If you want to prevent foreclosure and get out of pre-foreclosure, you’ll need to contact your lender right away to find out what your options are. They’ll differ depending on whether your hardship is temporary or is likely to continue for the foreseeable future — and whether or not you want to hold on to your home.

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Options To Stay in Your Home

Repaying the full amount for which you’re in arrears gets your home out of pre-foreclosure and stops the foreclosure process, but you’ll have to work with the bank to arrange it.

Good To Know

A forbearance can be a good option if you’re experiencing an ongoing but temporary hardship and you want to remain in your home. It reduces your payment or lets you skip payments for some period of time. After that, you’ll either be on a payment plan to make up the delinquent payments as you make your regular payments or defer payments to the end of your loan term.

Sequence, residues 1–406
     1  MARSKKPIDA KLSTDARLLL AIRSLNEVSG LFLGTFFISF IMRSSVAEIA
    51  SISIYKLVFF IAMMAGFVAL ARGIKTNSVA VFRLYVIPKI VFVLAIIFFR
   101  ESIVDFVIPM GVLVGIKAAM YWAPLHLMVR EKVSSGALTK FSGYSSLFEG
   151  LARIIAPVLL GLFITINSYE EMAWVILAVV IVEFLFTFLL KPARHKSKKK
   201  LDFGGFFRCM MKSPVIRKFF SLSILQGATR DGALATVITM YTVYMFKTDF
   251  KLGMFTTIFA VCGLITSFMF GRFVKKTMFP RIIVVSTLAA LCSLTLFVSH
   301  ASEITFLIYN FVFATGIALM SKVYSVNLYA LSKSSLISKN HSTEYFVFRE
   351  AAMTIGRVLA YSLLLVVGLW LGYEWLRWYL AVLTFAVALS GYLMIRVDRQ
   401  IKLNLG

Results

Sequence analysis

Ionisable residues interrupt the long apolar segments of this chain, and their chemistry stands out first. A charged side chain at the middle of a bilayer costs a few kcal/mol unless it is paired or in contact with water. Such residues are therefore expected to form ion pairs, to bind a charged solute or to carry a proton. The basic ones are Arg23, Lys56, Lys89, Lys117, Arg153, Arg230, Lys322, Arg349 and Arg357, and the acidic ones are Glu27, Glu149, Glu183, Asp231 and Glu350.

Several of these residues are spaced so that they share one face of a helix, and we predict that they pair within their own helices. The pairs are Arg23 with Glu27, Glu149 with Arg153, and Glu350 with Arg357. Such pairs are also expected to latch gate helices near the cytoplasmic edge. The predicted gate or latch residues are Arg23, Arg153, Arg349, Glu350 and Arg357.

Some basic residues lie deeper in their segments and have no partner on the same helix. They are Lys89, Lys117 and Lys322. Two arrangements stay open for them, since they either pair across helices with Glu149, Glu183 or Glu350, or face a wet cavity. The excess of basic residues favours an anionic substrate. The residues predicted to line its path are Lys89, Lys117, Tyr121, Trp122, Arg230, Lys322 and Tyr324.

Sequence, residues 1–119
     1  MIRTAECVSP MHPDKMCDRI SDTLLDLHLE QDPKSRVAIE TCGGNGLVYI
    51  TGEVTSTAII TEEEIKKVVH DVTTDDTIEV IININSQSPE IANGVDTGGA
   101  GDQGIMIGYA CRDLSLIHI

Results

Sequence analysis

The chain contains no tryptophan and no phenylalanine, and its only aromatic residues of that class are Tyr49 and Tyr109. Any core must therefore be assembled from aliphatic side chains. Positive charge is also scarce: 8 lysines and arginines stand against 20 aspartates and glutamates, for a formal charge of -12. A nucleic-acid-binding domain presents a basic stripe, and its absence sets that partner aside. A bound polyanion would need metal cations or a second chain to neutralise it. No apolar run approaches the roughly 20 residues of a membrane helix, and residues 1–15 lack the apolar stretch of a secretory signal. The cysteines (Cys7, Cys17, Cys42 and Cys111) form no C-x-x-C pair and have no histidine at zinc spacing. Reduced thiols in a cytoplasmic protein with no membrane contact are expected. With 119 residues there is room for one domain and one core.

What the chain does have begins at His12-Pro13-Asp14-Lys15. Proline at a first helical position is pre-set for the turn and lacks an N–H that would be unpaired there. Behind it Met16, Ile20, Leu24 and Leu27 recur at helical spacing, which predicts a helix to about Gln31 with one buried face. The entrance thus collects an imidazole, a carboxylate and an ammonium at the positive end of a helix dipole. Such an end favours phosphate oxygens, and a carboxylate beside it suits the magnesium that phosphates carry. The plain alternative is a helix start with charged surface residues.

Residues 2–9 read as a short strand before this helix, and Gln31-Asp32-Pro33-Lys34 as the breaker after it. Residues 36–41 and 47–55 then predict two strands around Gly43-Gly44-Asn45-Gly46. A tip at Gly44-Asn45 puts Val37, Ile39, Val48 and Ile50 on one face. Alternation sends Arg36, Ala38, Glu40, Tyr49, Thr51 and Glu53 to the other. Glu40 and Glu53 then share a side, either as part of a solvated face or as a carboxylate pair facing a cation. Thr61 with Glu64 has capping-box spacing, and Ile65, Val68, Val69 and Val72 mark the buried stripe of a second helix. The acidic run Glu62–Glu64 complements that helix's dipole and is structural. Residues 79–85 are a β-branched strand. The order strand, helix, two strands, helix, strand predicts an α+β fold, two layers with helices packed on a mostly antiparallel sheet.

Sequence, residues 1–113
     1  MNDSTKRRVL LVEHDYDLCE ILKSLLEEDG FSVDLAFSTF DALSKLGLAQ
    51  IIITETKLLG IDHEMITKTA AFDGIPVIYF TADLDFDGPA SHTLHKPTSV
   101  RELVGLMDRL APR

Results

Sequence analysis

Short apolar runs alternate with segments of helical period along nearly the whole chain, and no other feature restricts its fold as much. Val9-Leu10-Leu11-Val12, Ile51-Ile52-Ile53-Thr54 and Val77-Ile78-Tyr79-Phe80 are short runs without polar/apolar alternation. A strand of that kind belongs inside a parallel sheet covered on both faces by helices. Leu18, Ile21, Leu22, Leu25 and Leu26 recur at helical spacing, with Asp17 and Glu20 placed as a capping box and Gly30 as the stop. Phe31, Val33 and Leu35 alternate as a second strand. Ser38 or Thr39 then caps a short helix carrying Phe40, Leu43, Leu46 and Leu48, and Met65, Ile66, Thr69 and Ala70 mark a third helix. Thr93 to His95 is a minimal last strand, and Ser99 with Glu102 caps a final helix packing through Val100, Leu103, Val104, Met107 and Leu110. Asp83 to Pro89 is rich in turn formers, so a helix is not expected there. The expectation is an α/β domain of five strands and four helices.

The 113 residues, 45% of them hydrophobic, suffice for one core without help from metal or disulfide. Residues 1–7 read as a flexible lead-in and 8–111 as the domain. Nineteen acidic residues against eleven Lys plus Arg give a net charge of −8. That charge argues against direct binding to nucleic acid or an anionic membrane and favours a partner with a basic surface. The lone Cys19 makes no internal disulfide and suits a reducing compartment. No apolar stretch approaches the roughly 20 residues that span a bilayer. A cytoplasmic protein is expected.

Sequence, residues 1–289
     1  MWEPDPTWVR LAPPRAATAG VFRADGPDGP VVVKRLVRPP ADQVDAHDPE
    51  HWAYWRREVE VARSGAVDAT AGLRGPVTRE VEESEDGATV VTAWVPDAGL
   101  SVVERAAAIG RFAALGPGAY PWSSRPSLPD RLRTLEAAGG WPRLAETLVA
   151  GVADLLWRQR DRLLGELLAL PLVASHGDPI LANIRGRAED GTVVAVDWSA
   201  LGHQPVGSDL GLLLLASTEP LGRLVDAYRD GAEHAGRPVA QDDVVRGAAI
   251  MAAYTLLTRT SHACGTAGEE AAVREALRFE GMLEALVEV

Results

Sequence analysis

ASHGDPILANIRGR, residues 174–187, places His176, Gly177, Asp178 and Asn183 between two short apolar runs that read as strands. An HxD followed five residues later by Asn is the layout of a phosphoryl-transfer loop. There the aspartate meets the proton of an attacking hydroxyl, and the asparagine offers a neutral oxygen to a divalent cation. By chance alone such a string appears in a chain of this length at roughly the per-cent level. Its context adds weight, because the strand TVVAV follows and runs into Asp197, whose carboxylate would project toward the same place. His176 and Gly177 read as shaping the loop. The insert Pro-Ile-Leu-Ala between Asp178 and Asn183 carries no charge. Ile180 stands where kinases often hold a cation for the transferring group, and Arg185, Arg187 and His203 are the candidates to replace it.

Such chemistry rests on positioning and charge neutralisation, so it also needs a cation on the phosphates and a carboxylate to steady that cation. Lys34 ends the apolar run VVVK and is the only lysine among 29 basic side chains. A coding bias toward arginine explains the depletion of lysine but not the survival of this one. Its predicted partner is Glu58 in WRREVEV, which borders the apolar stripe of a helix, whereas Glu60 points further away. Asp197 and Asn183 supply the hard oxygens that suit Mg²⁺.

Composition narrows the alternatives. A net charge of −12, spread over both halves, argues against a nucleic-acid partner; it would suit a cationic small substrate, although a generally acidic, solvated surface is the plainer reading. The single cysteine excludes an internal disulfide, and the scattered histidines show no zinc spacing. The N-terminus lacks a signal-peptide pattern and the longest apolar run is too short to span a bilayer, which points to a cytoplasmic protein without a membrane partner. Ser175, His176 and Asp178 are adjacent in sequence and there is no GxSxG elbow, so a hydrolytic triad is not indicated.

In the event you don’t expect to be able to resume your regular payments but you want to remain in your home, you might be able to refinance or modify your loan to make it more affordable. Modifications might include stretching your payments out over a longer loan term or reducing your interest rate.

Options To Leave Your Home

The best option for leaving your home is to sell it. But unless you can sell it for enough to repay your mortgage balance, you’ll have to sell through a short sale. A short sale is when, with your lender’s permission, you sell your home for less than you owe on the mortgage. But simply listing your home for sale doesn’t automatically stop the foreclosure process — you’ll have to sell the home for that.